We will use your email address only for sending you newsletters. Please see our Privacy Notice for details of your data protection rights.
The Moderna vaccine which protects against coronavirus is nearly 95 percent effective according to early data from Moderna. The UK Government has said it is in “advanced discussions” with Moderna to secure doses of the vaccine. Express.co.uk has compiled a guide to the new vaccine and who owns the Moderna vaccine.
Biotechnology company Moderna has become the latest to reveal impressive results from its phase three trials.
The company said the candidate vaccine has an efficacy of 94.5 percent based on data from 95 patients with confirmed COVID-19 infections.
Moderna said it intends to apply to the US regulator, the Food and Drug Administration, for emergency-use authorisation in the coming weeks.
The analysis published on Monday was based on the first 95 people out of a trial involving 30,000 in the US, with half being given two doses of the vaccine, four weeks apart.
The rest received placebo injections.
The new results came shortly after similar results from US pharmaceutical company Pfizer.
The Pfizer and BioNTech vaccine was found to be 90 percent effective in preventing people from getting COVID-1.
This vaccine will soon be put forward for emergency approval with its developers saying it has been tested on 43,500 people with no safety concerns raised.
Britain has already ordered 40 million doses of the vaccine, including 10 million which could be administered before Christmas if regularly approval is granted.
The Moderna vaccine is not expected to be available outside the US until next year, however.
Moderna said it would have 20 million doses ready to ship in the US before the end of this year. In addition, the firm said it hoped to manufacture 500 million to one billion doses globally next year.
Moderna currently has a deal in place with the US to supply 100m doses, with an option to purchase 400m more.
The biotech company has also signed agreements with Japan, Canada, Switzerland, Qatar and Israel, with the European Commission stating it has a “potential purchase agreement” for 80m to 160m doses.
The US is not part of the EU vaccine purchase scheme, with Health Secretary Matt Hancock arguing in July, the UK Government could source a vaccine faster on its own.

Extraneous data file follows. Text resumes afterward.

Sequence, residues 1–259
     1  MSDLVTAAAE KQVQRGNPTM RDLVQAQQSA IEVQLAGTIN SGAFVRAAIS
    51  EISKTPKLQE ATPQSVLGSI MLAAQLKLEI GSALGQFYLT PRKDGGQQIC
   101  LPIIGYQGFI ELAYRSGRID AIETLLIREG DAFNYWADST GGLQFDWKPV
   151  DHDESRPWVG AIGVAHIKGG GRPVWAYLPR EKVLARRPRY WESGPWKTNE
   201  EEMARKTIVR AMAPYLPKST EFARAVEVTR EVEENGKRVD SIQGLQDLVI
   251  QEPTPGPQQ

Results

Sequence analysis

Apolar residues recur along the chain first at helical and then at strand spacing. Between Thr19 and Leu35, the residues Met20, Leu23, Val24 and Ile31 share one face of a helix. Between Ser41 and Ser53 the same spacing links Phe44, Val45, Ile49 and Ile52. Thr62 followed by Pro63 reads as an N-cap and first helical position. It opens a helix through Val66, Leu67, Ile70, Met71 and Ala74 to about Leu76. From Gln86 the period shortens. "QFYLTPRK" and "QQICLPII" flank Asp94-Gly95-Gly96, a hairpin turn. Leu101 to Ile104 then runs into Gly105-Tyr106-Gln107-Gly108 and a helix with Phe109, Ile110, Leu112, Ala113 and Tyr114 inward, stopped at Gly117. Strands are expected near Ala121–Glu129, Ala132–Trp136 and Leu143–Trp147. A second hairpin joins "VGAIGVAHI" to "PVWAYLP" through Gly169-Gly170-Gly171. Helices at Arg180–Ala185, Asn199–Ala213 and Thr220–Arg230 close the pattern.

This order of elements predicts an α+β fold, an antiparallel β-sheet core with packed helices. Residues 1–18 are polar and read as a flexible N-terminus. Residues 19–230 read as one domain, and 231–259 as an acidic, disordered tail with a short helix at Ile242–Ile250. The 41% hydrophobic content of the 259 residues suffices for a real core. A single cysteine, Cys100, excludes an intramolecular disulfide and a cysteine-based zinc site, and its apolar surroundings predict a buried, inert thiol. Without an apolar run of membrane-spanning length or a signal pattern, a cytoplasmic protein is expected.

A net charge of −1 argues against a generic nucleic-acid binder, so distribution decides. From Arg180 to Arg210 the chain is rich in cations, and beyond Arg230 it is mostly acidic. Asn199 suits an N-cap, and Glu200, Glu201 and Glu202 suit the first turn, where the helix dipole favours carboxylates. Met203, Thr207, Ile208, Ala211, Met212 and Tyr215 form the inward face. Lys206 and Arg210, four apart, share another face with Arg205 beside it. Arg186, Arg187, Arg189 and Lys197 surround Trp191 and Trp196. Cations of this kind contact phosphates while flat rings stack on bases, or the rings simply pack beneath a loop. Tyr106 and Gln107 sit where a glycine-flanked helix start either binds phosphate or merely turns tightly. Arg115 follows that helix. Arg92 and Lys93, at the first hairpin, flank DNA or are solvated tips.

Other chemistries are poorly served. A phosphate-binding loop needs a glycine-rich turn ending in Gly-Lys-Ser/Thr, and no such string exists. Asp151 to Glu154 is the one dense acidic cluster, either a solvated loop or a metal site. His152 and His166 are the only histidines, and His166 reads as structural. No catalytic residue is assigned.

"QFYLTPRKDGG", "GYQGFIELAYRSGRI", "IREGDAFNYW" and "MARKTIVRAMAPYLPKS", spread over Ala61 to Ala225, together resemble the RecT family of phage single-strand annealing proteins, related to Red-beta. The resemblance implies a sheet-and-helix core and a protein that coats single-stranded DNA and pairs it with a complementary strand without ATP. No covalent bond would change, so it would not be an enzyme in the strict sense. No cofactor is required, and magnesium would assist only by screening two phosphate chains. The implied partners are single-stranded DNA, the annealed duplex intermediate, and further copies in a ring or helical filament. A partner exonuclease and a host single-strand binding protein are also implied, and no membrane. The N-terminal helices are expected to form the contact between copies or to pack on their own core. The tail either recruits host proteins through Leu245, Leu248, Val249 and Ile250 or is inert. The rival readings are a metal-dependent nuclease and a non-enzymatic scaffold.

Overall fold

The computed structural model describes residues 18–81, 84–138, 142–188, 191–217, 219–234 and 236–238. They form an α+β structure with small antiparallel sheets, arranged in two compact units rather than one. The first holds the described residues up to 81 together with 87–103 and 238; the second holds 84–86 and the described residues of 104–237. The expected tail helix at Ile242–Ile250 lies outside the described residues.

A UK Government spokesman has confirmed the country is in “advanced discussions” to procure the vaccine.
Coronavirus found in Italy MONTHS earlier than first thought [INSIGHT]
Boris Johnson self-isolation: When did Boris have COVID? [EXPLAINER]
Coronavirus vaccine: Man on vaccine trial describes side effects [ANALYSIS]
Who owns Moderna?
Moderna is an American biotechnology company based in Cambridge in Massachusetts.
Since 2011, it has been led by CEO Stéphane Bancel, a French businessman with experience in pharmaceutical sales.
The US company focuses on drug discovery, drug development and vaccine technologies based exclusively on messenger RNA.
How does the Moderna vaccine work?
The RNA vaccine means the vaccine involves injecting part of the coronavirus’s genetic code into the body.
The vaccine begins by making viral proteins, but not the whole virus, which is enough to train the immune system to attack.
The body is then trained to make both antibodies and T-cells to fight the virus.
How is the Moderna vaccine different from the Pfizer vaccine?
The Moderna vaccine is based on similar mRNA technology as the Pfizer and BioNTech vaccine.
The Moderna vaccine, however, is different in one very significant way compared to the Pfizer vaccine: it does not require cold storage.
The Pfizer vaccine requires ultracold freezing between -70C ad -80C from production to patient.
Moderna said it had improved the shelf life and stability of its own vaccine, meaning that it can be stored at standard refrigeration temperatures of 2C to 8C for 30 days and can be stored for six months at -20C for shipping and long-term storage.
Source: Read Full Article